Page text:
It’s not a Tring thing, it’s meet the Ebayers #3

Coincidentally, the very same week the news broke that persons unknown had broken into the Natural history Museum at Tring, and blagged 299 of the most colourful and unusual skins in the extensive collection, I found myself idling through Ebay’s taxidermy listings (as one does), and stumbled across someone selling (amongst other exotica – Banded Pitta anyone?) a bird of paradise skin. Amazing.

BOP sales listing

BOP#1

BOP#2

Offers over £177 please

Still, one needn’t worry about this being in any way related to the theft of BOP skins from Tring, as the seller (zoo_wildlife_2009) helpfully points out that this is in “NEW and excellent” condition. Only a member since early July 2009, zoo_wildlife_2009 has been doing a brisk trade in bird skins, and has shifted sunbirds, frogmouths, kingfishers and barbets. It’s not all birds though, as in a democratic nod to the mammals zoo_wildlife_2009 has also sold a leopard cat, an otter, and various civets.

http://feedback.ebay.co.uk/ws/eBayISAPI.dll?ViewFeedback2&userid=zoo_wildlife_2009&ftab=AllFeedback&myworld=true

Feedback

I really don’t know how legal this trade is, but it seems pretty distasteful.

The following is how they should look…

Egg collectors of all shapes and sizes

or Meet the Ebayers #2

http://news.bbc.co.uk/1/hi/england/lincolnshire/7324397.stm

Good news yesterday as one of the UK’s small but disproportionately damaging band of egg collectors was sent to prison for 23 weeks. Richard Pearson, a 41 year old painter and decorator was also fined a paltry £1,500 – which given that when police swooped on his house they discovered an egg collection numbering over 7,000 eggs, works out at a miserly 21 pence per egg fine. Species represented in the enormous haul included Avocet, Black-necked Grebe, Black-tailed Godwit, Chough, Golden Eagle, Little Tern, Osprey, Peregrine and Red-throated Diver. Back in January, Pearson denied all the charges laid against him – a baffling state of denial when you see what greeted investigators in his house:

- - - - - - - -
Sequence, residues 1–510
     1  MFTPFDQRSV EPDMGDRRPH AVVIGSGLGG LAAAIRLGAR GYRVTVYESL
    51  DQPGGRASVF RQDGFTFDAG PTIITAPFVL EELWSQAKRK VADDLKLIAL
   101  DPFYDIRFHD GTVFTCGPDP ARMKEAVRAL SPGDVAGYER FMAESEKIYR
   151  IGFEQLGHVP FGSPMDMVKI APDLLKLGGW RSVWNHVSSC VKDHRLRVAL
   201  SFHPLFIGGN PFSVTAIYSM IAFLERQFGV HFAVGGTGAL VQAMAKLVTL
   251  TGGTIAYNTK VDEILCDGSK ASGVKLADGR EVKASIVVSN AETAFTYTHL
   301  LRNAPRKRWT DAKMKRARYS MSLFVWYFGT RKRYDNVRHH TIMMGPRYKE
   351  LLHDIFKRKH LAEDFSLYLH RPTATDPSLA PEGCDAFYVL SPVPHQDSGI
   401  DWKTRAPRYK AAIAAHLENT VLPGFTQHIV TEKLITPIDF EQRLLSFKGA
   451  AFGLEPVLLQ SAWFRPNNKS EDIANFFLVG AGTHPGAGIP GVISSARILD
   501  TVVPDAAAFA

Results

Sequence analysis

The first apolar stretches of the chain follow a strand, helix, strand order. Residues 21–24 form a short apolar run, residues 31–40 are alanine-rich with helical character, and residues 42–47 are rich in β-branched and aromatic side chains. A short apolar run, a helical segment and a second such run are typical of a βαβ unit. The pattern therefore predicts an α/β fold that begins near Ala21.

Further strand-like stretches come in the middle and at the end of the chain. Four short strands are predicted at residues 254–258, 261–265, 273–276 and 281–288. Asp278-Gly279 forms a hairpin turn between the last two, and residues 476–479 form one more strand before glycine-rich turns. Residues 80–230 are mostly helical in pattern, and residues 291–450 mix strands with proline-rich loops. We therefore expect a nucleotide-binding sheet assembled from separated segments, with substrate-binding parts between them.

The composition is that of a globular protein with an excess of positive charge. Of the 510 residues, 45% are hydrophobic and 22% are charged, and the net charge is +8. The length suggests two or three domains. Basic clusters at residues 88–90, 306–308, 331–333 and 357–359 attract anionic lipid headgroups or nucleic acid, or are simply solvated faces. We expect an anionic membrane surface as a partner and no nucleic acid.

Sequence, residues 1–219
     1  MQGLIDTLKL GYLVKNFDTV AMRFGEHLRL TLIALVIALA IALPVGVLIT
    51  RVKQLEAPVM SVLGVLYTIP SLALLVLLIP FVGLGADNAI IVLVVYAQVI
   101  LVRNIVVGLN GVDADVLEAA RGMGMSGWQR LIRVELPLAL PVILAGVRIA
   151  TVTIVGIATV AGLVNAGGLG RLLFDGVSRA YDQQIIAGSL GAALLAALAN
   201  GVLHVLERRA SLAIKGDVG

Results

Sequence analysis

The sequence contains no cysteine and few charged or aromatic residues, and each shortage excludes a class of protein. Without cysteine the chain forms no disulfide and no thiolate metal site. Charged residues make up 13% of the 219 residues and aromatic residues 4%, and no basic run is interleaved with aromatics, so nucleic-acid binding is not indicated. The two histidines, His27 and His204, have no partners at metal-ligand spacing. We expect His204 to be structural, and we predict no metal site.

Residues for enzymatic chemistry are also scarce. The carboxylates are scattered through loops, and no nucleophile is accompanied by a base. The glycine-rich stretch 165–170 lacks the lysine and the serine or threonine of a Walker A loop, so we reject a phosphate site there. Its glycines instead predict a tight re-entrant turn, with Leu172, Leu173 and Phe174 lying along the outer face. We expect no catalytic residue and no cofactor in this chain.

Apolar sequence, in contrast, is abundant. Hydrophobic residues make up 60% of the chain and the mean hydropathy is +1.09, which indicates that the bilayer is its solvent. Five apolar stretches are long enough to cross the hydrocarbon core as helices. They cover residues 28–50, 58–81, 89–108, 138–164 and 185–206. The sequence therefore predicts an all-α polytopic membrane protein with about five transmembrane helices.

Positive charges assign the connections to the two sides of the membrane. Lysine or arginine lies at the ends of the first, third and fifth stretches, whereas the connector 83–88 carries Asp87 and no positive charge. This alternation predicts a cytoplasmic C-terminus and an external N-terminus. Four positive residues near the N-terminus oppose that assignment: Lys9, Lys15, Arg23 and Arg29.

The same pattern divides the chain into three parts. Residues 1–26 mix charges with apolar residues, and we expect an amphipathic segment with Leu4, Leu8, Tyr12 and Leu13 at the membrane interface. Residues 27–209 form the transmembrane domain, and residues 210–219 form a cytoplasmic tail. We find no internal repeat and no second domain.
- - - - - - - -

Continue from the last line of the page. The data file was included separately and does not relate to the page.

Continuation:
http://news.bbc.co.uk/1/shared/spl/hi/pop_ups/08/uk_enl_1207064862/html/1.stm

He claimed he had been given the eggs by the notorious egg collector Colin Watson. (Watson, you may recall died in tragic but irony-infused circumstances when he fell out of a 40 foot high larch tree while climbing to “look” at a Sparrowhawk nest in 2006). However, handwritten diaries enabled investigators to match individual eggs to specific incidents, and Pearson finally pleaded guilty yesterday at Skegness mag’s court to two counts of possessing wild birds eggs and three counts of taking eggs from the wild.

So Pearson will be out of commission for the coming breeding season, for which we and countless rare breeding birds can breathe a collective sigh of relief. Will 23 weeks in prison and £1,500 be enough of a lesson to stop him from re-offending in future? It’s a compulsive activity, egg collecting, and clearly addictive. Watson, by the time of his death had amassed several convictions for egg collecting spanning 14 years, and had been fined in excess of £4,600. You do the math.

Which leads me to a bizarre subculture – replica egg collecting. You what? Yes, good old Ebay is the shopfront for scores of buyers and sellers of replica, hand-painted wild birds eggs. For example, meet widdildenny: http://myworld.ebay.co.uk/widdildenny/.

The following is a sample widdildenny sales pitch for a replica Little Tern egg: